Bloomberg — Steel is threatening to become the latest area of commercial conflict between the US and Mexico after a bipartisan group of US lawmakers called on the Biden administration to restore Trump-era tariffs if necessary to stem a surge in imports.
A group of more than a dozen US senators, including Republican Tom Cotton of Arkansas and Democrat Sherrod Brown of Ohio, wrote to Commerce Secretary Gina Raimondo and US Trade Representative Katherine Tai last week, asking them to engage Mexico in talks over rising US steel imports. They cited an almost sevenfold jump in imports of steel conduit used in construction.
The lawmakers suggest applying quotas, but raised the possibility of reimposing duties used previously by the Trump administration that were removed in May 2019.
Mexican senators shot back this week, passing a resolution calling on the nation’s economy ministry to start gathering information about US exports to Mexico in order to consider retaliatory measures if Washington were to reimpose the duties.
Despite the senators’ complaints, it would be surprising if USTR or Commerce move forward on requesting consultations given the number of disputes already in progress, said Juan Carlos Baker, a founding partner of consulting firm Ansley Consultores Internacionales and one of the top negotiators for the US-Mexico-Canada Agreement that took effect in 2020.
“Mexico and the US are already discussing some serious issues,” he said. “I’m sure that nobody really wants to add more trouble to a relationship that already is being tested.”
A Commerce official said that the department had received the senators’ letter and will respond through appropriate channels. A USTR spokesman also confirmed receipt, saying the agency is reviewing it.
List of Issues
Should the US request consultations, steel would join a growing list of trade issues between the neighbors: talks on Mexico’s nationalist energy policy are now in their sixth month, and there is a brewing dispute over corn.
Mexico is the second-largest US trade partner, with the nations trading almost $800 billion of goods in 2022 alone.
While the percentage of US steel imports arriving from Mexico has risen, it’s because Covid-19 disruptions and the Ukraine war have made Mexico a more reliable provider, replacing other exporters like Russia, Mexican industry association Canacero said on Friday.
The US lawmakers “appear to be threatening to disrupt efforts by both countries to cooperate in shortening supply chains to enhance national security, economic growth and employment,” the Mexican chamber said.
The complaints come as US steelmakers are seeing profits cool significantly from the records they enjoyed in 2021 and 2022. Domestic steel prices are down about 47% from historic highs reached in August 2021. And steel mill-utilization is now at just 74% of full capacity, according to American Iron and Steel Institute data.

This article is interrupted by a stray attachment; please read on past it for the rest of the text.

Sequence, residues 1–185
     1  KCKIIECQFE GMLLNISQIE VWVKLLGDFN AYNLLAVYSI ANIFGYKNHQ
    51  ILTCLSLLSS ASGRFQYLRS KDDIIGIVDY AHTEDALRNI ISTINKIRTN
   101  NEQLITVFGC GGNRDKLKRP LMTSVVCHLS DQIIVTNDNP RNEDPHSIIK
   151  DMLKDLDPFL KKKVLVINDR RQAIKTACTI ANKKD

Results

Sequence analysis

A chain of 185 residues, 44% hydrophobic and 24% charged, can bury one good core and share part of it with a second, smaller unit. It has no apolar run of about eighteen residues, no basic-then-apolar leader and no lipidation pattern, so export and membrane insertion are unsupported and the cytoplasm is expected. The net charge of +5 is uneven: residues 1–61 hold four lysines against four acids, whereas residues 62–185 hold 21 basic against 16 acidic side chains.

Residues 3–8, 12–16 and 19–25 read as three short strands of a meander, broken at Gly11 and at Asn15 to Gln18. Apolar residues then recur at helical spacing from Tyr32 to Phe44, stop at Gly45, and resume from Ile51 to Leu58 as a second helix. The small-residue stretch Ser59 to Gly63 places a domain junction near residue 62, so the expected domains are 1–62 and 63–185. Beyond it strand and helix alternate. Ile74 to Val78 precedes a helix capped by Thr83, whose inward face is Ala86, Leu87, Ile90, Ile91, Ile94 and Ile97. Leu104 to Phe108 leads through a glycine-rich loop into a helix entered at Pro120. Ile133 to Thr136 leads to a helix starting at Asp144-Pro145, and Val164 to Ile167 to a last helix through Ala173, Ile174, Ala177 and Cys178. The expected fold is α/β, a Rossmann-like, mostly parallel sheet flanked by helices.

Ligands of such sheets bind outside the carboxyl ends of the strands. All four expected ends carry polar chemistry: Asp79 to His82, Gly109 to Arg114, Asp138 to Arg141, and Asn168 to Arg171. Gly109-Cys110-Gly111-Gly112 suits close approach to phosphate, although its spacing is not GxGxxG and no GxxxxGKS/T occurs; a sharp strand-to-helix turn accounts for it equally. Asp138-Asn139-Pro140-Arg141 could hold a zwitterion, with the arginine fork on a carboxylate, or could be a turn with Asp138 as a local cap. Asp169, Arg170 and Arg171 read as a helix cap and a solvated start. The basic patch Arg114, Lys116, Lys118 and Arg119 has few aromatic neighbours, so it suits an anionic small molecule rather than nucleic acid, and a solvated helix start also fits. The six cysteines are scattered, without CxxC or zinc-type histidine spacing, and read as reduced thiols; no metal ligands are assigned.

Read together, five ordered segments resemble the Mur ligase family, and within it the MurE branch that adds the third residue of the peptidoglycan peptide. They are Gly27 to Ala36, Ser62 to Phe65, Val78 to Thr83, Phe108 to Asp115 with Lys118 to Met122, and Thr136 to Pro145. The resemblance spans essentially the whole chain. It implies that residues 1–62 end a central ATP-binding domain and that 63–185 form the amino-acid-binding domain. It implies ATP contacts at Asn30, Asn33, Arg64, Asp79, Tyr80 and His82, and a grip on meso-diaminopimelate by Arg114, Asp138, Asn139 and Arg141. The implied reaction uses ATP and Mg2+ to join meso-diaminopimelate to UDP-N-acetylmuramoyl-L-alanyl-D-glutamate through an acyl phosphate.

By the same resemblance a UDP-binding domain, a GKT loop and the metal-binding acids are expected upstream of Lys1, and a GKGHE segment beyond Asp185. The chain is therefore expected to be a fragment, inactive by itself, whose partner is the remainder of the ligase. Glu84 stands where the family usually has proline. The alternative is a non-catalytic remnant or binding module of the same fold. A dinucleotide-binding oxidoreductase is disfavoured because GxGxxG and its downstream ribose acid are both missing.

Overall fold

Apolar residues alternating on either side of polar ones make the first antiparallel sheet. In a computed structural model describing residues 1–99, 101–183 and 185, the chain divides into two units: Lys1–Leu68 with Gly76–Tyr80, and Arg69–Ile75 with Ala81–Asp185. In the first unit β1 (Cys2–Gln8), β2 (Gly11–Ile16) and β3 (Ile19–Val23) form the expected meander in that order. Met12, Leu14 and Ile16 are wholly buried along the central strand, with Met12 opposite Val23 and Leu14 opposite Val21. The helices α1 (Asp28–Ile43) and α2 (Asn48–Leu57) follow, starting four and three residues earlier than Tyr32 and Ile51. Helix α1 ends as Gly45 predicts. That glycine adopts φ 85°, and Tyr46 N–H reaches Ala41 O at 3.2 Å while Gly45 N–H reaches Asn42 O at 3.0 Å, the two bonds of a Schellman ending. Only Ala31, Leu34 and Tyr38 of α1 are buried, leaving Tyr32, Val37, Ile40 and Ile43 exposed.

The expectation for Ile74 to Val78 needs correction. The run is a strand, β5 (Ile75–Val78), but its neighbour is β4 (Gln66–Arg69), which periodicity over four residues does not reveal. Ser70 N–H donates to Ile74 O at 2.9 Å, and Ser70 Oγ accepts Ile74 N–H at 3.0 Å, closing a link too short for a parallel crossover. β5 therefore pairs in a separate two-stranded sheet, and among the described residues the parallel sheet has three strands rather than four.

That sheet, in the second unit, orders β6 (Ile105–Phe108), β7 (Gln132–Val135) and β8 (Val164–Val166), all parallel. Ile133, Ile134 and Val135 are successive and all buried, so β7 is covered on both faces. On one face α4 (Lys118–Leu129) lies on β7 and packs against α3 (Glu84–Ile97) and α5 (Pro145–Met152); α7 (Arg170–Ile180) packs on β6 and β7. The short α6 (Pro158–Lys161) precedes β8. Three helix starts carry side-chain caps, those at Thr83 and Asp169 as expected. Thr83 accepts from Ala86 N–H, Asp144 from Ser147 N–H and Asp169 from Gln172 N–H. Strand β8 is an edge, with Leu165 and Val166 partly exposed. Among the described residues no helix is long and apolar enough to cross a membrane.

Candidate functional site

Steel executives have long argued that utilization must be above 80% for the industry’s long-term viability and financial health. Compounding the issue is that monthly raw-steel production by the nation’s mills are at the lowest since the pandemic, when demand all but evaporated as countries across the globe shuttered economic activity and imposed lockdowns.
The Trump administration imposed 25% tariffs on steel from Mexico and a number of countries under section 232 of America’s Trade Expansion Act of 1962, saying that the imports posed a threat to national security. Those duties were dropped in 2019, with the caveat that they could be reimposed if imports from Mexico surged “meaningfully beyond historic volumes of trade.”
The US lawmakers cite a 73% increase in the volume of US iron and steel imports since the 2015-17 period, while inward-bound shipments of semi-finished steel and long products have more than doubled.
They say that Mexican imports have contributed to the loss of more than 200 steel jobs in California and led to the closing of one of fewer than a dozen American factories that produce steel conduit.
“Many steel producers are concerned that additional production cuts, layoffs and plant closures are imminent,” the senators said. “The administration must act now to avoid further damage.”
The US senators’ appeal was cheered by the Coalition for a Prosperous America, an organization that represents import-threatened companies and unions.
--With assistance from Joe Deaux
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